Respect Sentiments of Fellow Human Beings - Eastern Mirror
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Respect Sentiments of Fellow Human Beings

By The Editorial Team Updated: Aug 09, 2018 1:00 am

The Supreme Court of India has asked the media – the print, electronic, and the social media – to not publish pictures of sexual abuse victims even in blurred and morphed formats in the wake of the alleged rape of over 30 girls at a shelter ran by a state-funded NGO in Muzaffarpur, Bihar, which shook the country. It has also restricted the media from interviewing minor victims of sexual abuse to ensure that they don’t relive the trauma again. The directive came a few months after the Delhi High Court slapped a fine of Rs 10 lakh each on 12 media houses in the country for disclosing the identity of the Kathua gang rape victim.

Well, the media shouldn’t publish photographs of people in their daily lives that could offend them, forget about the victims of rape and violence. It’s a basic journalism ethic, but some overzealous publication houses still cross the line failing to understand the pain and trauma their callous act may cause. The emergence of the internet and mobile phone technology has completely changed the way information is being disseminated to the public. It has enabled people to access news around the world in real time but it also has caused much chaos. Overwhelmed by the freedom of sharing content, many share pictures of gross violence, even dead bodies at accident sites, casually on social media like Facebook and WhatsApp. However, such irresponsible action can hurt the near and dear ones of the victims. Nobody would like to see their loved ones in such circumstances. The sentiments of fellow human beings should be respected. This is the virtue that the apex court wants the people to imbibe. It needs to be followed by both the mainstream media and the public alike.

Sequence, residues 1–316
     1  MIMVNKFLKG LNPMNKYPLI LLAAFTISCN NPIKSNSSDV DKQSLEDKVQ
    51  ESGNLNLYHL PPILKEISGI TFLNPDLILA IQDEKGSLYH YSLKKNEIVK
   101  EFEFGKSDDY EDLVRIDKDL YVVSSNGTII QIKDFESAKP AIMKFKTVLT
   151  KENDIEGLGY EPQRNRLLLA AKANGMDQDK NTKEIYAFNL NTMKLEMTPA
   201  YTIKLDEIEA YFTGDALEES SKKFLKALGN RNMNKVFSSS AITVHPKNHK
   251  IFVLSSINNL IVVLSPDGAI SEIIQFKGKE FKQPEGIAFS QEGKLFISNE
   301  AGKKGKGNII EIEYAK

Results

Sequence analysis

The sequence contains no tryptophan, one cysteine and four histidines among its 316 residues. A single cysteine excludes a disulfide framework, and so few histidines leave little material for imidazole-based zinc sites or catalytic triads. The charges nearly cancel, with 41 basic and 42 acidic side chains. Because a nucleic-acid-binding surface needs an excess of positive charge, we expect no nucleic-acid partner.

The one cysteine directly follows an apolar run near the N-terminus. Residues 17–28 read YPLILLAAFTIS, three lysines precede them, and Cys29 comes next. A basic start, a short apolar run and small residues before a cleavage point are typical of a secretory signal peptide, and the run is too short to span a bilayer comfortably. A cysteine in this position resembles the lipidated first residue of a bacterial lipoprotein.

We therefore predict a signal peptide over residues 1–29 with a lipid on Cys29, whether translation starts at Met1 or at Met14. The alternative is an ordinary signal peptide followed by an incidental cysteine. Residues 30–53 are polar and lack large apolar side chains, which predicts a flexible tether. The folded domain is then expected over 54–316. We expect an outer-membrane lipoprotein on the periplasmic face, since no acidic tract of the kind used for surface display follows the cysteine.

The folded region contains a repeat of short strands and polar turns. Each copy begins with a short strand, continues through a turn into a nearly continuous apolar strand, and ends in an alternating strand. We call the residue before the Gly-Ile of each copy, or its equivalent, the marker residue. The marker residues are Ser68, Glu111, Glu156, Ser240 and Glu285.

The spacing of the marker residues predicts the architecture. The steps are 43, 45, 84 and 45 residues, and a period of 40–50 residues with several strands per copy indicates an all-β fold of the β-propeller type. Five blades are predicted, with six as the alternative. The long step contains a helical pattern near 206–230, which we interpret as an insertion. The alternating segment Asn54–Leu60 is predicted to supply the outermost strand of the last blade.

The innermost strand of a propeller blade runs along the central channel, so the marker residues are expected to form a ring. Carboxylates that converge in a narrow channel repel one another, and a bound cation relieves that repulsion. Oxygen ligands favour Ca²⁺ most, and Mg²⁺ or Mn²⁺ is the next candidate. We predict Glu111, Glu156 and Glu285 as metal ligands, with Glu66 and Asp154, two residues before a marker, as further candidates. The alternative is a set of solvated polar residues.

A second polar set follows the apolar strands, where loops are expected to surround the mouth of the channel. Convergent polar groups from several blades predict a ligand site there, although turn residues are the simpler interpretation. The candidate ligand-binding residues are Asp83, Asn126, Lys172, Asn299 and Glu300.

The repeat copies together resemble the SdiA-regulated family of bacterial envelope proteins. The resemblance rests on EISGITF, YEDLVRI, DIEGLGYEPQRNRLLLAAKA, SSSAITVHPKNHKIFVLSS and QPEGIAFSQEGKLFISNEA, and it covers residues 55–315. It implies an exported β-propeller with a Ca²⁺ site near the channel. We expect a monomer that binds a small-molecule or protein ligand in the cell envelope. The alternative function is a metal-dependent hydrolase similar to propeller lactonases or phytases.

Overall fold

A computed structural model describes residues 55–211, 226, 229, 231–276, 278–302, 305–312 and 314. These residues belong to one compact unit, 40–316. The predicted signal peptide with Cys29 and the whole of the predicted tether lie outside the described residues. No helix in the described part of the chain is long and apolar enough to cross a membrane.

Those who do not abide by the order of the court shall face consequences: Revealing the identity of minor victims is punishable by a minimum of six month-imprisonment under Section 23 (Procedure for media) of the Protection of Children from Sexual Offences (POCSO) Act. Anyone who reveals the identity of a rape and sexual violence victim can be jailed for a minimum of two years under Section 228A of the Indian Penal Code.

By The Editorial Team Updated: Aug 09, 2018 1:00:40 am